Wednesday, January 25, 2012

why I don't love "language justice" terminology

I've been mulling over the 'language justice' terminology used by a lot of my compas who organize to make our movements more multilingual. I don't really like it. My sense is that it makes it sound like making the space fully bilingual is about justice for limited English speakers - or at any rate it seems easy for fluent English speakers to interpret it that way - rather than understanding that it benefits, say, limited Spanish speakers as much or more to have a broader more inclusive smarter movement with access to more experiences and insights. Rather than talk about 'language justice' I would prefer calling it the 'bilingual space committee' or what have you. Of course a bilingual space involves much more than interp and trans, but also bilingual facilitation and more (for how to see the great tips in the resource in this post).

Now if it's a matter of getting proper language interpretation in court, there I'm all for using the term 'language justice'.

But then again, I might be wrong about the connotations of the term - because this image is from the fabulous Wayside center, and though they use the term 'language justice', as they put it:

"Wayside has made a commitment to build and amplify voices and languages not often heard in organizing and movement spaces. We are working in Virginia and DC with organizations that see the need, and the organizing power, of connecting people across race and language especially in immigrant communities. When we begin to see language as a tool of empowerment that gives value to people's culture and way of being, our organizations grow in heart, experience, and perspective. When we begin to see that interpreting is not just for mono-lingual non-English speakers but in fact for everyone who is unable to understand all languages present in a conversation, we can begin to see people working from abundance and not deficiency. When we interpret well, we open space for the jokes, the perspectives and the soul of everyone in the room to come through, building deeper solidarity, democracy, and a broader movement for change."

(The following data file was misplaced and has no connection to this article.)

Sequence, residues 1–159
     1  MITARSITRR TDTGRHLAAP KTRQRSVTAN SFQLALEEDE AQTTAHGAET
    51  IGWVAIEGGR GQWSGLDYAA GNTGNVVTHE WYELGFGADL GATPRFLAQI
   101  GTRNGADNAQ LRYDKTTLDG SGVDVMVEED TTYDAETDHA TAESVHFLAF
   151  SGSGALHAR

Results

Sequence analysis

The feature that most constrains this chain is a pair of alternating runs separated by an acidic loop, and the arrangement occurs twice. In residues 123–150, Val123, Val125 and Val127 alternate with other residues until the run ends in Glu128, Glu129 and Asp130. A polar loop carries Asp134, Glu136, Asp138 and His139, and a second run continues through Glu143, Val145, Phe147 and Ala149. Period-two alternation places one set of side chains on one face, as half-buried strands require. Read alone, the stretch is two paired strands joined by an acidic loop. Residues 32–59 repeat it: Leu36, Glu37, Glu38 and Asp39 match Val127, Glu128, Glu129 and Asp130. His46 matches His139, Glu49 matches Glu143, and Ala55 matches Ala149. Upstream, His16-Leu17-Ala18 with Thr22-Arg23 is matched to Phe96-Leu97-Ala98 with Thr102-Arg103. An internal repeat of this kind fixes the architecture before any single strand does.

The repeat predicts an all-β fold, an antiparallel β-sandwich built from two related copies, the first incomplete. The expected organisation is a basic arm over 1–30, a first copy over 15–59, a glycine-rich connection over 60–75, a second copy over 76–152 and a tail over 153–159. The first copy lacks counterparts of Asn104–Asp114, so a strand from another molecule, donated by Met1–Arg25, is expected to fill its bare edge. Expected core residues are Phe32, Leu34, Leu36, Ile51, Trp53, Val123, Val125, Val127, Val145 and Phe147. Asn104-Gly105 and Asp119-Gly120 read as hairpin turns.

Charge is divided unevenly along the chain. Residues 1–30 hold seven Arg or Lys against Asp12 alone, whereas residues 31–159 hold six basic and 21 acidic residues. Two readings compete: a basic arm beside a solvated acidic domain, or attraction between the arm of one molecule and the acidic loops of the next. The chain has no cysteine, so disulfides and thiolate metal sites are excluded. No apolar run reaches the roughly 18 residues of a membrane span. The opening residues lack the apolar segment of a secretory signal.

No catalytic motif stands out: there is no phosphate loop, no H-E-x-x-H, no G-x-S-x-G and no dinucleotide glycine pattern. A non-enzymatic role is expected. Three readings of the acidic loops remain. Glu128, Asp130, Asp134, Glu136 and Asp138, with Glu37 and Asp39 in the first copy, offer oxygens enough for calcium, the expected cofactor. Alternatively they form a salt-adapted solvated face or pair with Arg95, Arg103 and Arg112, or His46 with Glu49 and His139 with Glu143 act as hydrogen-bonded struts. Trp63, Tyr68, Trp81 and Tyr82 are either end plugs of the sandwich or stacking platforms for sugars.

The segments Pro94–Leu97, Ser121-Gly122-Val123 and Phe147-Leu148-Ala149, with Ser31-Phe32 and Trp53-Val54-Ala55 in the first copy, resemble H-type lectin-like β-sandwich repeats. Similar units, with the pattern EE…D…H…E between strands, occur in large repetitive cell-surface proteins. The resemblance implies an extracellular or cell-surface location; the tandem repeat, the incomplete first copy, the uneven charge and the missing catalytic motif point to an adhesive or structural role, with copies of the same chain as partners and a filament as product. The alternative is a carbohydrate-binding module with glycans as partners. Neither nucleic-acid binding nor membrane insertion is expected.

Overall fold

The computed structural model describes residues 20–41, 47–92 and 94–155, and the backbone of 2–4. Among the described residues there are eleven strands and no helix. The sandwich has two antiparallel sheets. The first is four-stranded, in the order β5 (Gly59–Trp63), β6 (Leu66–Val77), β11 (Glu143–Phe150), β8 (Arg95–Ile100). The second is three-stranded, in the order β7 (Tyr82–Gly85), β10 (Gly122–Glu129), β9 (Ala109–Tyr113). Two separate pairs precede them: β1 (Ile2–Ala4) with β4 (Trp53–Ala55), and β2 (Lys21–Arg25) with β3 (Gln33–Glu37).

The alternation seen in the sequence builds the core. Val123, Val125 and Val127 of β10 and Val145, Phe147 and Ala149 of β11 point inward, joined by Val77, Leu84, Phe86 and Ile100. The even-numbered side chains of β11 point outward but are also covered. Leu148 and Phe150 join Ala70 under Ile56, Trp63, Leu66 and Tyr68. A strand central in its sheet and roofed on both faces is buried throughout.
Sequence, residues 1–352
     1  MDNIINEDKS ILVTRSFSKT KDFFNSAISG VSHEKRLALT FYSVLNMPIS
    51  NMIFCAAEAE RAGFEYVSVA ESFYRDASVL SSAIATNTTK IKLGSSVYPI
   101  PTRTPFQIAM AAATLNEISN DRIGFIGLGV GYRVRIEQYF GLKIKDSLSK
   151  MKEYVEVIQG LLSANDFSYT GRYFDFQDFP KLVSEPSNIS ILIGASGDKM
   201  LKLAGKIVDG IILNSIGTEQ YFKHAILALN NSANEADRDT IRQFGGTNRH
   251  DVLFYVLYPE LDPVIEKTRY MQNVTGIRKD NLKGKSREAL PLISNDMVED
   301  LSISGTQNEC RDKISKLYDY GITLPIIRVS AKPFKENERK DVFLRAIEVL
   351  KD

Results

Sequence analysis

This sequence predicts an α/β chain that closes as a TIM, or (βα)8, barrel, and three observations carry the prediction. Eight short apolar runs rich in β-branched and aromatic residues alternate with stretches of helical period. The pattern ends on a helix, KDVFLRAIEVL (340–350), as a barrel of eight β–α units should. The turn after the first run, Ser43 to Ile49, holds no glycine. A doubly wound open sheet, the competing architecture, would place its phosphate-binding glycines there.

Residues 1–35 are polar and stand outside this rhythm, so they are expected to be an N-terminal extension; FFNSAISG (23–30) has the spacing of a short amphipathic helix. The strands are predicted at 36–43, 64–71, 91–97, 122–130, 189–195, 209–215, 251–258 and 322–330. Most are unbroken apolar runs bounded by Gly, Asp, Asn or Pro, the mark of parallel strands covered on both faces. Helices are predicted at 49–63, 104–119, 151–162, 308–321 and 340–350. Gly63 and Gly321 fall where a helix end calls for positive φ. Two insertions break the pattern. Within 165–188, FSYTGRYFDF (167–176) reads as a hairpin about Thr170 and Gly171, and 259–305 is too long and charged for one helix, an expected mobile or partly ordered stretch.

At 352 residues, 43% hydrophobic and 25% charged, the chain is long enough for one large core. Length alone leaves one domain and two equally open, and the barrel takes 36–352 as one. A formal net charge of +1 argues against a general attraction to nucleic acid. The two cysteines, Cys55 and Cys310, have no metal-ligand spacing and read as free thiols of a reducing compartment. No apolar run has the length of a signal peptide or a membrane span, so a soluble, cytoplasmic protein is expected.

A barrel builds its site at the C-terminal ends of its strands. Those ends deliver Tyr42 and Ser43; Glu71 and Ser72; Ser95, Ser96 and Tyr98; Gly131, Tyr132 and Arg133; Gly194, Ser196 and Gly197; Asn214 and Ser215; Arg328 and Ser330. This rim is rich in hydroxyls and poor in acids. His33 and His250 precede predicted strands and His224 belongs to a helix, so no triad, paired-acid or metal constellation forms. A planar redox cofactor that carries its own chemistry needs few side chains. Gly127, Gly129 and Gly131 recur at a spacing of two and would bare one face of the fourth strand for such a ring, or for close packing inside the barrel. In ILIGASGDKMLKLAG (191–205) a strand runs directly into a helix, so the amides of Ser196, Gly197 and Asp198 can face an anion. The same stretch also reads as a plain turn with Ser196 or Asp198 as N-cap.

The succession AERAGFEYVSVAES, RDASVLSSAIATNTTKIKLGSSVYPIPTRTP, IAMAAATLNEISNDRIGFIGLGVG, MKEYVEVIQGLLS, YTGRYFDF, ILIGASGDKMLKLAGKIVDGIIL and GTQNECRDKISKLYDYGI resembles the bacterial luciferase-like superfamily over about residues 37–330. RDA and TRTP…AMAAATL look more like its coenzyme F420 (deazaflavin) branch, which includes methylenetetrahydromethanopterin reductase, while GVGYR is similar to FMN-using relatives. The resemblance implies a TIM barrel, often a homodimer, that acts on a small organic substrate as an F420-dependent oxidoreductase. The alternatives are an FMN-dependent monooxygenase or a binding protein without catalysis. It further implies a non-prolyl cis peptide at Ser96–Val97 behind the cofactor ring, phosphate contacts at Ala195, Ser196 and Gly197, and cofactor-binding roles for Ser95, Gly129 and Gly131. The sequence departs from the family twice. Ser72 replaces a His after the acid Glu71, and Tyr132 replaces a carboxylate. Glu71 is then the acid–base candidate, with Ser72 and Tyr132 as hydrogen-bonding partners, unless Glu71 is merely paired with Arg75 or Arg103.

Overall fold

(fabulous! pero ojo: I prefer to use the term limited English vs. non-English since most users of interpretation will actually speak some basic English, and using the term non can reinforce the idea that interpretation is only for those who speak no English at all)